For many food-processing lines, steam cleaning is the advised method of cleaning. Numerous thermoplastics are able to operate at high-temperature ranges and these should be chosen over plastics that cannot withstand high temperatures. It is advised that the temperature of the steam should be verified though, since some plastic bearings will melt if exposed to high temperatures for sustained periods.

Ensure certification for food-grade applications

Various certifications are possible for plastic bearings and the polymers that make them. Among them are the FDA certification, common in the US, as well as various other certifications, including the National Test Laboratory certification of France, that apply elsewhere. These apply various aqueous tests, including distilled water, acetic acid and ethanol tests, as well as a fat test, that might include testing using sunflower oil. These are designed to ascertain the inertness of the polymers and the likelihood of a compound in the polymer being transferred to the food.

Avoid toxic components

Thermoplastics are often preferred to metallic components, including bronzes, which often contain lead and tin. This avoidance of tin and lead for the food-processing company has become important as consumers are becoming increasingly aware of the dangers of heavy metals to tissues and organs.

Consider optimal bearing fit

For the food-processing company, there might, however, be other considerations other than the physical properties of a bearing that might be employed. For instance, optimal bearing fitment should also be considered, since food that remains in the running clearance of the bushing is likely to lead to contamination of the entire production chain. Optimal bearing fit requires that operating temperatures be taken cognisance of since some bearings expand when heated.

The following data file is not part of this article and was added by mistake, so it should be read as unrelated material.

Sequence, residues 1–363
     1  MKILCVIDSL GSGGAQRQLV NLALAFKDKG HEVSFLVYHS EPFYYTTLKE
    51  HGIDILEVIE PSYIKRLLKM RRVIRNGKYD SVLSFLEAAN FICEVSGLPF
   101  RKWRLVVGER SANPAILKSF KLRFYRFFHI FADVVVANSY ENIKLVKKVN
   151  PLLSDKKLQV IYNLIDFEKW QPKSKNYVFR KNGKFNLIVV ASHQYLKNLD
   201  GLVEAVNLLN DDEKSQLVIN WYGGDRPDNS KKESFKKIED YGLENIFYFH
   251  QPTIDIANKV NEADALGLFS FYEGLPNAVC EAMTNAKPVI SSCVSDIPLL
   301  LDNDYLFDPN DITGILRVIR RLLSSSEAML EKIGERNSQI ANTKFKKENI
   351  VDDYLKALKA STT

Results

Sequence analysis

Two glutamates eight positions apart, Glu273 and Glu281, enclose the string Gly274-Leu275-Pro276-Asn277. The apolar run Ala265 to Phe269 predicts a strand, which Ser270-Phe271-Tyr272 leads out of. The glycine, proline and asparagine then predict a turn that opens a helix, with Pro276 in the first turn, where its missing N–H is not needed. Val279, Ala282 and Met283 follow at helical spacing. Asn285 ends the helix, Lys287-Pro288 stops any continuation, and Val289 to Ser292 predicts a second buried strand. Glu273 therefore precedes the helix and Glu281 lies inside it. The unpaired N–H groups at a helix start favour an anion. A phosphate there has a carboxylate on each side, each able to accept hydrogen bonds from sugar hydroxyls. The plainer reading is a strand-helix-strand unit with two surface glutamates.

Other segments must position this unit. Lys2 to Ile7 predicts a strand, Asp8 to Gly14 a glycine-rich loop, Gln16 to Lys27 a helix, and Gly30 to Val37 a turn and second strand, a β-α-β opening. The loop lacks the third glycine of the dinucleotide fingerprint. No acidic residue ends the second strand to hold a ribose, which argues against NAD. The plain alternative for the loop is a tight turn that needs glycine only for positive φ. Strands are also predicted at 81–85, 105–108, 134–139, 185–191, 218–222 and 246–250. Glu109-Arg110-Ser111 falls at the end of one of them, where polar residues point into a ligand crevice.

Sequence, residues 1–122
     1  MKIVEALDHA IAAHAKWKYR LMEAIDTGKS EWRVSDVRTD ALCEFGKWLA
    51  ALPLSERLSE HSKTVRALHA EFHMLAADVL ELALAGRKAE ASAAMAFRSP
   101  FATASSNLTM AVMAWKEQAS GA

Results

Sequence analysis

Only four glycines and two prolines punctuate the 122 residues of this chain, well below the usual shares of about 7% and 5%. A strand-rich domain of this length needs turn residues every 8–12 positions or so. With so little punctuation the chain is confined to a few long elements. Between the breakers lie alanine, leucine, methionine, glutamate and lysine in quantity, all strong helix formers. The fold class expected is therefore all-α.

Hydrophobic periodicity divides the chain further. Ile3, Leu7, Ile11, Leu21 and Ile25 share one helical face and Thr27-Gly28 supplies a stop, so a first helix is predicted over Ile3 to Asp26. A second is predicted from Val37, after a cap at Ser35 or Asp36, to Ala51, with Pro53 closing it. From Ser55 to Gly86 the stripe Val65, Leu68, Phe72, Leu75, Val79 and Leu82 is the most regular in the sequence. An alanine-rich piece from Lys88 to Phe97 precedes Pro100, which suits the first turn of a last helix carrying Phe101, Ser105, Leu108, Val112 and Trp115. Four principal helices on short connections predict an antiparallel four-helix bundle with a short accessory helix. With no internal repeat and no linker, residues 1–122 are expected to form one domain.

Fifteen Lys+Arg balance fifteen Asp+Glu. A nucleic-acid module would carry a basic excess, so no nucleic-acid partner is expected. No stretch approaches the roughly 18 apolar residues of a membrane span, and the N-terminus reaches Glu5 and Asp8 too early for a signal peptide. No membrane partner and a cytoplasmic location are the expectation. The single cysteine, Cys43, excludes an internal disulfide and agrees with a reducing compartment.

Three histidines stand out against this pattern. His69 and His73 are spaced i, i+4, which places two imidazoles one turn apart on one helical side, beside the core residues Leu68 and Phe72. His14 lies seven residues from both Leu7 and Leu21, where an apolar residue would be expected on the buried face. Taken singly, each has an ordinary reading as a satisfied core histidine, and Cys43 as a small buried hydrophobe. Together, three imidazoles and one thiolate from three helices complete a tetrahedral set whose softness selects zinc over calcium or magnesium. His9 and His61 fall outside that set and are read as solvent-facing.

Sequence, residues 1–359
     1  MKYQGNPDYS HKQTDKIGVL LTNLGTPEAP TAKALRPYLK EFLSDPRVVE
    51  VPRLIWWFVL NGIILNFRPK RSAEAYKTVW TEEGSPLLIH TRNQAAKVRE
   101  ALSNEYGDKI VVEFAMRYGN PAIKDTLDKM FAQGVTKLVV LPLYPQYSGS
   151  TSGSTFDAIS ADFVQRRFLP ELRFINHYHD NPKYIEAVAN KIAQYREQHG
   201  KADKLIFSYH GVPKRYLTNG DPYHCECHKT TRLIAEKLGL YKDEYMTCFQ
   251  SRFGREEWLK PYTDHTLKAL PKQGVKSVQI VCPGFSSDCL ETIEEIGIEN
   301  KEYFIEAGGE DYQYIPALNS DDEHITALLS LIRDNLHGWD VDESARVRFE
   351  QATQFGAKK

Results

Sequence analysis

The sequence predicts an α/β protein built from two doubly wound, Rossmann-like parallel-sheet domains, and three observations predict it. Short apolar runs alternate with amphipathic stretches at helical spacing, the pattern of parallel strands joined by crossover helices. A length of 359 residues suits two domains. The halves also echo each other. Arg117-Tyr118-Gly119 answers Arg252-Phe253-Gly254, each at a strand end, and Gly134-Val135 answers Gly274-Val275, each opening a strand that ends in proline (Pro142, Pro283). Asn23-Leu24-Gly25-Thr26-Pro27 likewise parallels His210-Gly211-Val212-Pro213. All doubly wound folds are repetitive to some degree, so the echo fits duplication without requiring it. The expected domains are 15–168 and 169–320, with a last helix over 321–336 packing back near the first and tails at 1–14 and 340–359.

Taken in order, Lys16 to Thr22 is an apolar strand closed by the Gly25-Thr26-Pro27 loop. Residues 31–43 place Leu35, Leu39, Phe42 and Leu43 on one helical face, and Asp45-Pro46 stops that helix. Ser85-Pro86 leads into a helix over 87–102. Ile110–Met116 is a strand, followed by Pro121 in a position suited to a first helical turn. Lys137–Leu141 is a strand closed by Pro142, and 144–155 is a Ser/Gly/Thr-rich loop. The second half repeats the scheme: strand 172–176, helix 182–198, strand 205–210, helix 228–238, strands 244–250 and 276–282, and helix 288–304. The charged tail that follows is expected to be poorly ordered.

Benefit from smoothness

Food and beverages also tend to fall into any crack or hole on any surface in the production process. Some bearings are designed to have these features since these are necessary for smooth operation. Others have fewer moving parts and are constructed to form a single unit. Depending on the bearing required, thermoplastic bearings may offer advantages in that they tend to have smooth surfaces in which food particles are unlikely to accumulate. If they have been chosen for their smoothness and their lack of cavitation, it is important that they remain dent and damage free. To achieve this, improper forceful mounting, which might cause denting, wearing or cracking, should be avoided. Similarly, the bearing should not be extremely roughly treated during maintenance.

With Fortune Magazine noting that the yearly cost of food-related medical treatment, lost production and mortality caused by illness related to food-borne pathogens totals $55-million in the US, food processing companies are looking carefully at the parts of their production chain in which equipment is in contact with food. 

No particular study has identified bearings as a particular cause of food-borne pathogens, but bearing manufacturers are keen on ensuring that the risk of food-related illness or diseases associated with their particular componentry remains low.

Bearings, as with other types of equipment, have to be investigated to determine whether there is a possibility of incidental food contact or no possibility of contact. Once this is determined, bearings can be specified based on hygiene concerns appropriate for a given application.

With a rapidly urbanising and increasingly wealthier global population, which spends less time on food preparation due to increasing demands on its time, processed food demand is growing each year. 

This would not be a particular concern, except that food-related outbreaks and recalls are also growing. Food-borne illnesses and their risk to food consumers and food-processing companies cannot be underestimated and any opportunity to be more vigilant about hygiene should be taken.